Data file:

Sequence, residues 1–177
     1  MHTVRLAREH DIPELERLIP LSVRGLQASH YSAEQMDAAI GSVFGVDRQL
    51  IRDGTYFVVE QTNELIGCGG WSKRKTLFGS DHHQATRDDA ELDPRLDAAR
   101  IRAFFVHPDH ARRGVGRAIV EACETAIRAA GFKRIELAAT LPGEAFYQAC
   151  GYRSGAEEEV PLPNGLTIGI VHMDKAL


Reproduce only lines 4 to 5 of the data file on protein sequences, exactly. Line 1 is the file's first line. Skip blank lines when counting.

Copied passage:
   101  IRAFFVHPDH ARRGVGRAIV EACETAIRAA GFKRIELAAT LPGEAFYQAC
   151  GYRSGAEEEV PLPNGLTIGI VHMDKAL